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Seagull Hurricane Laser

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Chris Walby07/02/2019 13:31:46
1240 forum posts
303 photos

I have only myself to blame, it was the little voices in my head that said “you don’t want to miss the chance” that got me talking to Jon and Dave. I hatched a plan to finish a long outstanding project and have a go at the mass build then on to something bigger and this would do nicely. Okay that fits with the plan for a build late in 2019 and of course I could wait for the engine to become available, no rush is there.

My dilemma was only compounded by a visit to Inwoods (Dave) who pointed out that they were producing a 3D printed pilot and instrument panel and that another batch of kits were due in soon. Then a chat with Jon about engine availability highlighted that there were some due for completion, no pressure then just buy it and put it on the shelf.

But of course it would be a waste of Jon’s time just to buy it and store it, perhaps if I bought the kit as well, yes that seems logical. Having the kit on the bench just invited me to have a look inside and check everything is there.

Now with the countdown to the MB, there is only one thing to do…clear the bench. Oh why did I leave it on the bench in the first place, well the best thing would be to assemble it and anyway there isn’t enough room under the bench.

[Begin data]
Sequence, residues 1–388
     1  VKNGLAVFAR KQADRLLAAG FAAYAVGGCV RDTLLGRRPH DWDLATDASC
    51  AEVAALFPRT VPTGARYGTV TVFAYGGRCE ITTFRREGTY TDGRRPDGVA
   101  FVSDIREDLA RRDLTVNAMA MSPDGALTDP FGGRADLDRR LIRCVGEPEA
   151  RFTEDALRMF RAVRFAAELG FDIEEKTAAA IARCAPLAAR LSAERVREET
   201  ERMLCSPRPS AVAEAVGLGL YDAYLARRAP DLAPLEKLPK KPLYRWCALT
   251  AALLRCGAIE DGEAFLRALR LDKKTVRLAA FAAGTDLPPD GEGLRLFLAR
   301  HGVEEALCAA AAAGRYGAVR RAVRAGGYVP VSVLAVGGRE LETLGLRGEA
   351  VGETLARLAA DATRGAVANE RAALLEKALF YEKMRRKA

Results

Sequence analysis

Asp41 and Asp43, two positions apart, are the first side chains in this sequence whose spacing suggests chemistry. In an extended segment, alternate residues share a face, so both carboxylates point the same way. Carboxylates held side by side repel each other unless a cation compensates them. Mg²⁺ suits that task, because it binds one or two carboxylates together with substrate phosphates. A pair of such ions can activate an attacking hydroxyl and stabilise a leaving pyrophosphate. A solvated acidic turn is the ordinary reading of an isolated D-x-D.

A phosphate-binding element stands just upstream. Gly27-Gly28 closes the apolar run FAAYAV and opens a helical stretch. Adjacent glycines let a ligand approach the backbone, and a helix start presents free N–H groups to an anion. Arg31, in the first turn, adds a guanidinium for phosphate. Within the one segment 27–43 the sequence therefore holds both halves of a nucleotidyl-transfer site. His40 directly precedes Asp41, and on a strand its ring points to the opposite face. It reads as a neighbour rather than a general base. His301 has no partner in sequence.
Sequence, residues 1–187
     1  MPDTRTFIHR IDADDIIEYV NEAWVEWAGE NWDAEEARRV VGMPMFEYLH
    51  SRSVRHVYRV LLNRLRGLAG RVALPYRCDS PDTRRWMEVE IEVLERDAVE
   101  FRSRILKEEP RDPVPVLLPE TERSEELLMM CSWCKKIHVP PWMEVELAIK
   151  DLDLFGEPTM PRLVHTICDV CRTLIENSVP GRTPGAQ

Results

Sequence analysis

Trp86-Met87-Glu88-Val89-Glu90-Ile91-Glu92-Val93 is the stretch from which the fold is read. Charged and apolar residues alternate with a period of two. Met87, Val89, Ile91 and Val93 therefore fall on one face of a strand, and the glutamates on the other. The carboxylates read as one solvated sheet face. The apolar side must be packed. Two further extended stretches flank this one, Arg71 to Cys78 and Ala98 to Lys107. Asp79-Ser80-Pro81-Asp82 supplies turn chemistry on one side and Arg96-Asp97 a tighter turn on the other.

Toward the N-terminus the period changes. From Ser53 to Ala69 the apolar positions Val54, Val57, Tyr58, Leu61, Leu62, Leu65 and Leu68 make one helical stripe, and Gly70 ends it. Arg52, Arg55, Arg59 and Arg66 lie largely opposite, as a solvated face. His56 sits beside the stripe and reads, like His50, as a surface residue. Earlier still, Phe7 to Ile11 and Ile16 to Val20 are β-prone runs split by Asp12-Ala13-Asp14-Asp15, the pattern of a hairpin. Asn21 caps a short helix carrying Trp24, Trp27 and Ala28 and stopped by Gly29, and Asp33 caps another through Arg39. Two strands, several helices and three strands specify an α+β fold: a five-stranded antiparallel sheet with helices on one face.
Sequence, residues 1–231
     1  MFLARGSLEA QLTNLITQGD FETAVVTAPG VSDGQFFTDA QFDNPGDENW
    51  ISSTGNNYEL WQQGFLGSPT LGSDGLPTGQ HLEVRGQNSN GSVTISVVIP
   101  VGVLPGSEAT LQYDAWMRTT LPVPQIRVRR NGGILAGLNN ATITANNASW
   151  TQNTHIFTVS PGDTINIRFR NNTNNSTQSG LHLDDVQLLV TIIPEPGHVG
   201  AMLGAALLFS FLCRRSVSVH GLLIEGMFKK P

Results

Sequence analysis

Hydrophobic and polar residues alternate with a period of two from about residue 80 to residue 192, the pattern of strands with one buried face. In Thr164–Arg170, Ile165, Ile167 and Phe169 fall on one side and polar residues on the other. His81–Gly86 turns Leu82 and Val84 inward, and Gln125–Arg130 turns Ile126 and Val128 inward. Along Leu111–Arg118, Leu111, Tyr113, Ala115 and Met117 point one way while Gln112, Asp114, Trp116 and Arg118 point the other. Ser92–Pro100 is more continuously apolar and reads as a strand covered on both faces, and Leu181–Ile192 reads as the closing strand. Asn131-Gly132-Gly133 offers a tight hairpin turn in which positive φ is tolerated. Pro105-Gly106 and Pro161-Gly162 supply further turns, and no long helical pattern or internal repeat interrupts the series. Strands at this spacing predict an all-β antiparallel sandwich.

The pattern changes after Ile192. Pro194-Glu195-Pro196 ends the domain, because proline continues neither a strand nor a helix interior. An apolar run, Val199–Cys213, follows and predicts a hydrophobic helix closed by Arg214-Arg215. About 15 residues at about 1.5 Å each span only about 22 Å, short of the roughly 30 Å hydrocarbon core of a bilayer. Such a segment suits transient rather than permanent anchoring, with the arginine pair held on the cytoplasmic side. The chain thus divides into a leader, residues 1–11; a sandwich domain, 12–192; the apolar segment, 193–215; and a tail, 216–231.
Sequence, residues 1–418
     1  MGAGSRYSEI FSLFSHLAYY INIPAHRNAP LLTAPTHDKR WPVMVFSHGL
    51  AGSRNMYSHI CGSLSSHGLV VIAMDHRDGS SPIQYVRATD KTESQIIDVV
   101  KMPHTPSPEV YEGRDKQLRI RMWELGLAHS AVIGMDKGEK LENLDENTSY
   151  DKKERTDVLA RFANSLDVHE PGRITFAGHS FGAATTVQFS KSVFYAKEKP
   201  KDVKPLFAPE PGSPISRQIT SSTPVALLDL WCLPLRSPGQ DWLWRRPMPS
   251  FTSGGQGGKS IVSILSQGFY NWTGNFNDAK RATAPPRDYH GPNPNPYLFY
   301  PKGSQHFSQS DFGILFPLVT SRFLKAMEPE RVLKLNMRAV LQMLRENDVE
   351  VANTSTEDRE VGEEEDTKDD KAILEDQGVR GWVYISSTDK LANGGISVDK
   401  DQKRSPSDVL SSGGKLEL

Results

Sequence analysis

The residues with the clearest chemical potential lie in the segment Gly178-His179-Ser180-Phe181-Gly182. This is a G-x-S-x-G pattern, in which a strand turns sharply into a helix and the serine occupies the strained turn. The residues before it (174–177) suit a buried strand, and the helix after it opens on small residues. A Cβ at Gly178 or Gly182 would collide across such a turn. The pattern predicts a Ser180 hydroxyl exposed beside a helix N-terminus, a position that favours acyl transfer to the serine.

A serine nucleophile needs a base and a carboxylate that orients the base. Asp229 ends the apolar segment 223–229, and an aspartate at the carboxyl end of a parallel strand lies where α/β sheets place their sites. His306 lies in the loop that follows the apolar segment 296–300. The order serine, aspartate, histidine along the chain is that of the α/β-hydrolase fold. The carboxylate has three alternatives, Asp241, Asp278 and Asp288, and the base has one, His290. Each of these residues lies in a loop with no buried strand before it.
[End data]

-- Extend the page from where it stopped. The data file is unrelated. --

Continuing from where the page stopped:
Having read through the Seagull Hurricane posts (and other places) I have collated a summary of known issues:

  • U/C needs shimming forward by 3mm

  • Fettling U/C as covers can bind under compression

  • U/C covers can rotate

  • Loose Oleo screws, Loctite

  • Very lively elevator and alignment sensitivity

  • Cowl does not fit well + allow for engine ventilation

  • Pants pilot and instrument need replacing

  • Engine to cowl length check

  • Exhaust vent holes

  • Blind nuts check/glue in

  • Run Super Phatic in all of the joints

  • Reinforce bulkhead

  • Reinforce fuselage

So here we go.

As an ARTF most of the assembly is straightforward so I’ll post the odd photo showing progress.

Don’t forget to chip in with any advice or tips as I get into the “assembly/modification” of the model.

Jon - Laser Engines07/02/2019 13:59:29
5510 forum posts
268 photos

Chop chop Chris, the luftwaffe are massing over the channel

Chris Walby07/02/2019 15:14:08
1240 forum posts
303 photos

No excuses as I have the engine wink


+ the electrics for it (Thanks to George at 4-Max for suitable advice).

Looks like wings and servos next.

Chris Freeman 308/02/2019 05:02:28
353 forum posts
525 photos